An exercise wheel generally costs between ten and fifteen dollars. But since a good exercise wheel is probably the most important thing for your hamster’s health and happiness, it shouldn’t be somewhere that you skimp. The difference between a few dollars won’t seem like much when you provide your pet with a safe, quiet and enjoyable place to satisfy their strong urges to run. There are ways to choose a good wheel that will be a good compromise between quality and price.

Low cost options for many of these items can save much of the expense. Food can be mixed at home using nuts and grains, and toys like toilet paper rolls can serve to increase the amount of stimulation in a cage. Rather than purchasing a commercial ‘hamster house,’ it is just as good to use a small box with an opening. Used cages, wheels and toys can often be picked up at garage sales or on sites like craigslist. And additional good news is that a sand box can be one of your hamster’s favorite places to play and can help save on bedding because it serves as a litter box that you can replace frequently rather than the whole cage full of bedding.

Veterinary care

Many owners draw the line at small rodents when it comes to spending on vet bills. Sadly, few pay for their surgeries or other exams. But that doesn’t mean your hamster can’t have medical attention. Online forums present the opportunity for owners to ask questions about whether the symptom they are noticing is a serious problem rather than take the hamster to the vet right away. It may be that something over the counter could suffice. And if the hamster is a particularly loved pet or the owners have means, the vet is always an option for a hamster.

It would be wise to call around to check for different charges for initial vet visits. One of the problems that hamster owners typically have questions about is their hamsters’ teeth and how to deal with the issues with their continual growth, occasional overgrowth, and sometimes breakage. Information is available about that online, and knowledgeable hamster experts there most likely will tell you that the problem is common and nothing to worry about, which will soothe your worries a great deal for free.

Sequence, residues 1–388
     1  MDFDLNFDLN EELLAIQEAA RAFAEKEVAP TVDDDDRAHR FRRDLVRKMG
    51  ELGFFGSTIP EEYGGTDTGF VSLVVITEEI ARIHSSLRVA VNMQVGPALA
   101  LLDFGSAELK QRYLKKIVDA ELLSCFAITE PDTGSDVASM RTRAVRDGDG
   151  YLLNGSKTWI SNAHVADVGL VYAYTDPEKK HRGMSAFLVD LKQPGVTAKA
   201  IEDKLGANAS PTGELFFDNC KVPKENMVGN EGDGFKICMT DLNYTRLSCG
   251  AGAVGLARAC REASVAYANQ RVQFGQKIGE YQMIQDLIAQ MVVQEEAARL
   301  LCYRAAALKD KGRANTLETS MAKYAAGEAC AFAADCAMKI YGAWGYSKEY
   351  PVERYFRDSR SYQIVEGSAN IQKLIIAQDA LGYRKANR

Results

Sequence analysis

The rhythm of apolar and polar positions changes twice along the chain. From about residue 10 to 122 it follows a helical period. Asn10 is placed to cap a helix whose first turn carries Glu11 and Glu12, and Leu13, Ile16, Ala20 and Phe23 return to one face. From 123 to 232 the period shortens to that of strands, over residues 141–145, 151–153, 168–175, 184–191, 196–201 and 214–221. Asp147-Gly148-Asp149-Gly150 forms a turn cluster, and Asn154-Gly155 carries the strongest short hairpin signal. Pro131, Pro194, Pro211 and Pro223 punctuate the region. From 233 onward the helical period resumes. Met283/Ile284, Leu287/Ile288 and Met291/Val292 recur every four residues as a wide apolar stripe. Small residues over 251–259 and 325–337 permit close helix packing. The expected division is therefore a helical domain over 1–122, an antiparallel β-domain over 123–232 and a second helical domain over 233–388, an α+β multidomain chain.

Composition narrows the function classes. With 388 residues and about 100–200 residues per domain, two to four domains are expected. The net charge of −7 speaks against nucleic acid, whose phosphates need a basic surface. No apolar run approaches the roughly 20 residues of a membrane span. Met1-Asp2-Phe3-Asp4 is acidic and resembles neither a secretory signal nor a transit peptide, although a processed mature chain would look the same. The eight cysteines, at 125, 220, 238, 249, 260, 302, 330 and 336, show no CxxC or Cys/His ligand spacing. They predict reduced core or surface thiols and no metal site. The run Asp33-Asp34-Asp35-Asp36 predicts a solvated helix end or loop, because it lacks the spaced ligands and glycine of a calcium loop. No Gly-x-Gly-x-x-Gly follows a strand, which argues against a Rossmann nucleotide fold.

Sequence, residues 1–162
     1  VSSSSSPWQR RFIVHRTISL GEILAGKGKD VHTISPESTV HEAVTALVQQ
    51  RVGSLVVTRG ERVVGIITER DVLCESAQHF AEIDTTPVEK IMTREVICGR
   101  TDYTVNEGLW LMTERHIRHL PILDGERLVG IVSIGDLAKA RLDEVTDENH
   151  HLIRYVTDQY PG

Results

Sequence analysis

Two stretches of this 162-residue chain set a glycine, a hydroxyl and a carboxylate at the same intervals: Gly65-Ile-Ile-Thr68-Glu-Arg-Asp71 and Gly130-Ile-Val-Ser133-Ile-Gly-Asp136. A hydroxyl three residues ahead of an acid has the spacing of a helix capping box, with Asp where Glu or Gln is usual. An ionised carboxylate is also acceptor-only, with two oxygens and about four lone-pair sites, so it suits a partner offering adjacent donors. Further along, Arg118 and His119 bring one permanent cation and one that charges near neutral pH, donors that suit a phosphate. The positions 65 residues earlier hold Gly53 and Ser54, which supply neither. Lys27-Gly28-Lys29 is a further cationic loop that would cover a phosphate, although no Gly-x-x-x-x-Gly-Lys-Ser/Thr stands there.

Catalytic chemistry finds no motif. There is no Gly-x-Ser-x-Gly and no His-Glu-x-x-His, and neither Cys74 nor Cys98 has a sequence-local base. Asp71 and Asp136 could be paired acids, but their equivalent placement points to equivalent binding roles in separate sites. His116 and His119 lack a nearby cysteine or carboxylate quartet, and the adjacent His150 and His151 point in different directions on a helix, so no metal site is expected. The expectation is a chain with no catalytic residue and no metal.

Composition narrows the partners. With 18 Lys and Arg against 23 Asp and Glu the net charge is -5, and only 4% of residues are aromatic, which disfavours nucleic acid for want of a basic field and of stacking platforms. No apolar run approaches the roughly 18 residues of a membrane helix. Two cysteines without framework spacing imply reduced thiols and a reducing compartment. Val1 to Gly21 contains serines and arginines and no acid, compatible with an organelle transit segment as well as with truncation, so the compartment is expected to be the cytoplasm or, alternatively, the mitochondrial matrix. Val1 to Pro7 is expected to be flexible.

The following is an estimate, considering the above factors, of what a hamster owner might be expected to spend over an average life of a hamster (which varies a bit by species). These represent ranges, so it is likely that you will fall somewhere in the middle depending on which you choose:

• High-cost option:                                                                   Initial purchase: $5-$20 – Cage: $50-$200 – Upkeep: $20 per month for two years = $480 – Vet care: $400 – TOTAL: $935-$1000

• Low cost option:
Initial purchase: $0-$5 – Cage: $10-$15 – Upkeep: $5 per month for two years = $120 – Vet care: $0 – TOTAL: $130-$150

Hamsters are like anybody else: some things like good food and safe housing are essential to your health and happiness and the rest is fairly optional. But most owners tend to spend anywhere from a few hundred dollars to over a thousand depending on how creative and frugal they can be, even without skimping on things that are important. But it is obvious that this small creature can possibly come with a large price tag, so choose whether to get one as a pet wisely, especially if you are the type of pet owner that might tend to splurge. But all in all, hamsters can be much less expensive than other pets, so even their relatively steep price tag might make them a good choice for many pet owners.